Anabolic steroids (also known as anabolic androgenic steroids) are prescription drugs. These drugs are being used by bodybuilders and athletes without a medical prescription to look better, to increase their muscle mass, to improve fitness and to enhance athletic performance. These are anti-inflammatory in nature. Healthcare professionals prescribe anabolic steroids to patients for the treatment of some types of anemia and to people with testosterone deficiency.
Damage to heart muscle reduces the ability of the heart in pumping blood and increases the risk of heart failure. A study shows a long-term usage of anabolic steroids damage the heart muscle and increases the risk of plaque formation (a risk factor for coronary artery disease). Researchers conducted a study with 140 male weightlifters. Some of them are using anabolic steroids.
This study shows a significant weakness in the blood pumping action of the heart during heart contraction (known as systolic function) in individuals who are using anabolic steroids. Blood filling action (while the main pumping chamber of the heart relaxes, known as diastolic function) was weakened in earlier and current users of anabolic steroids. Researchers also found the plaque build up in the arteries, a risk factor for coronary artery disease with a long-term use of anabolic steroids. They also found a higher LDL cholesterol or bad cholesterol levels in the blood and higher blood pressure levels among individuals using anabolic steroids. Researchers say a long-term use of anabolic steroids causes more permanent heart problems.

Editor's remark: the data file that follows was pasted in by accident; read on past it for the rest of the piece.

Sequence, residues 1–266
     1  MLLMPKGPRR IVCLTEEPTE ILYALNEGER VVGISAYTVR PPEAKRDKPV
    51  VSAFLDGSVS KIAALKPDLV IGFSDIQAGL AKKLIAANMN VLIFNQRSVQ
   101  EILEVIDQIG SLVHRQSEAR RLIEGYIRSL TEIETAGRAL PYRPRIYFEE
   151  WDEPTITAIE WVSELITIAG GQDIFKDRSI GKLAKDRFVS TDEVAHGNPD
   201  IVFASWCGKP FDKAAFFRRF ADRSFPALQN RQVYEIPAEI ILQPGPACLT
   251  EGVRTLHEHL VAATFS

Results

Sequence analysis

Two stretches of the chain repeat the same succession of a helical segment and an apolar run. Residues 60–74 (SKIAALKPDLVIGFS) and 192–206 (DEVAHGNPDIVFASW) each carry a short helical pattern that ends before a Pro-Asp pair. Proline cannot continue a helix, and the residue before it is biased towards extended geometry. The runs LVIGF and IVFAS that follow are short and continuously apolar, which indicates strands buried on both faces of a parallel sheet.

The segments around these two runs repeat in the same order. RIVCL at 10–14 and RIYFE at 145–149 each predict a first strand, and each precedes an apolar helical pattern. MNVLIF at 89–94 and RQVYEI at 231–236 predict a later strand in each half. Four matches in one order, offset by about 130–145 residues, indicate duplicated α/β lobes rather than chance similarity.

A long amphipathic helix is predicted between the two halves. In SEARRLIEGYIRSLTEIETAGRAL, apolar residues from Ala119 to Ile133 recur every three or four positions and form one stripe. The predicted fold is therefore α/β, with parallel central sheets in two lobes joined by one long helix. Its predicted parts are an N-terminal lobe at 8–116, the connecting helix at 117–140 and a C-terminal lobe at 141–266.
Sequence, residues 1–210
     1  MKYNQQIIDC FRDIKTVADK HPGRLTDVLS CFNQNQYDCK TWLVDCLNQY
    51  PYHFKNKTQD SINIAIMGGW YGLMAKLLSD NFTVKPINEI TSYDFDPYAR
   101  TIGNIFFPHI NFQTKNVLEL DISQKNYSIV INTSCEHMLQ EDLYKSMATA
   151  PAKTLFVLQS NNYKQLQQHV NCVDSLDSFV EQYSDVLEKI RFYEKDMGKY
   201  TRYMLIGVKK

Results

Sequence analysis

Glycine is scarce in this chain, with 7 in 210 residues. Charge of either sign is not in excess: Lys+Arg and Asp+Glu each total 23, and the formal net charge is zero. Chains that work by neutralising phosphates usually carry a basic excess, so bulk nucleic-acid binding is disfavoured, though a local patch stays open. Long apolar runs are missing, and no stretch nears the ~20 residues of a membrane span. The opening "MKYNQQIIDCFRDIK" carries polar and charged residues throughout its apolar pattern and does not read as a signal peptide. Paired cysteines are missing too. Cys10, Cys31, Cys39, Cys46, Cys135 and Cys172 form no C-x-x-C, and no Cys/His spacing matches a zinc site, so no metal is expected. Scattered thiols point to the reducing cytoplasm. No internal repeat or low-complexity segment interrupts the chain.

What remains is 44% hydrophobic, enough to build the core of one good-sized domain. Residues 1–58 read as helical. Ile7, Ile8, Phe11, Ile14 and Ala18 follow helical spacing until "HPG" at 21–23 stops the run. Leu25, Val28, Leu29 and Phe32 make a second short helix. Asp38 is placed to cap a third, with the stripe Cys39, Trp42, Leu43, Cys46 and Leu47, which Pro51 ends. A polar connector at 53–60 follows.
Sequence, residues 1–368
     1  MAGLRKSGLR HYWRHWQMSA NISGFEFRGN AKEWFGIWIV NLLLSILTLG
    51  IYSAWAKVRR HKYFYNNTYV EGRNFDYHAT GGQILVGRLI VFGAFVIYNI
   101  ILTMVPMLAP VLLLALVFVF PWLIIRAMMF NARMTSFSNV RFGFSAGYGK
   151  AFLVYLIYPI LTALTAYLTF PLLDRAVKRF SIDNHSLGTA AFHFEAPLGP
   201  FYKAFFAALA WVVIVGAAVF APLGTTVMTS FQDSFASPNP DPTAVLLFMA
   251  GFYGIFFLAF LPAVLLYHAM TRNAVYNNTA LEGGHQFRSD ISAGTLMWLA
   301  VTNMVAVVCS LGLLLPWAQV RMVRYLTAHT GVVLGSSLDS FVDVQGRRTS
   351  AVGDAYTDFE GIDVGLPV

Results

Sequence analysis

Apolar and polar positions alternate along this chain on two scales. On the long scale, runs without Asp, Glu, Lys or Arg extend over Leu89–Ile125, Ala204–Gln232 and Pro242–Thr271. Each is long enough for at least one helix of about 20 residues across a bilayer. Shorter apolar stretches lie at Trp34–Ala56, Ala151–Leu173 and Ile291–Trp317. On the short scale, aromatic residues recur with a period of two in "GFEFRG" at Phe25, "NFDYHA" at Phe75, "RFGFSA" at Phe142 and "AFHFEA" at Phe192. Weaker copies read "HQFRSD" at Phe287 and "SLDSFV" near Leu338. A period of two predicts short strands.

The National Institute on Drug Abuse, North Bethesda, Maryland, United States, supported this study. Author of the study was Aaron L Baggish, an associate director, The Cardiovascular Performance Program, Massachusetts General Hospital, Boston, United States. The study findings were published on May 22, 2017, in the journal Circulation. Title of the article was "Cardiovascular Toxicity of Illicit Anabolic-Androgenic Steroid Use."
A study shows the difficulties for healthcare professionals in detecting cardiac problems or heart disease symptoms with an electrocardiogram (ECG) in women who had breast implants (a breast enlargement surgery). Electrocardiogram (ECG) records the activity of the heart over a period. This test can be used to diagnose a heart attack or for recording warning signs of the heart attack. To record the electrical activity of the heart, the equipment uses electrodes in the form of patches, placed on the chest, legs and arms. This study found that ECG failed to give an accurate electrical activity of the heart or diagnosing heart attack warning signs of a woman who had breast implants.
A study on 48 healthy women, aged between the early 30s and late 40s. The number of women participants who had breast implants was 28. The ECG reports were analyzed by the experts. Two expert electrophysiologists say between 38 and 57 percent of ECG reports of breast-implanted women were abnormal. But further tests in those women show their hearts are normal. Authors say the possible reason for not recording the accurate signs of the heart with ECG equipment in women with breast implants are
Lead author of the study was Dr. Sok-Sithikun Bun, a cardiologist, Princess Grace Hospital, Monaco. The study was published June 21, 2017, in The European Society of Cardiology. Title of the article was "Breast implants may impede ECG and lead to false heart attack diagnosis."
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Published by Jammi Vasista, Chennai, India.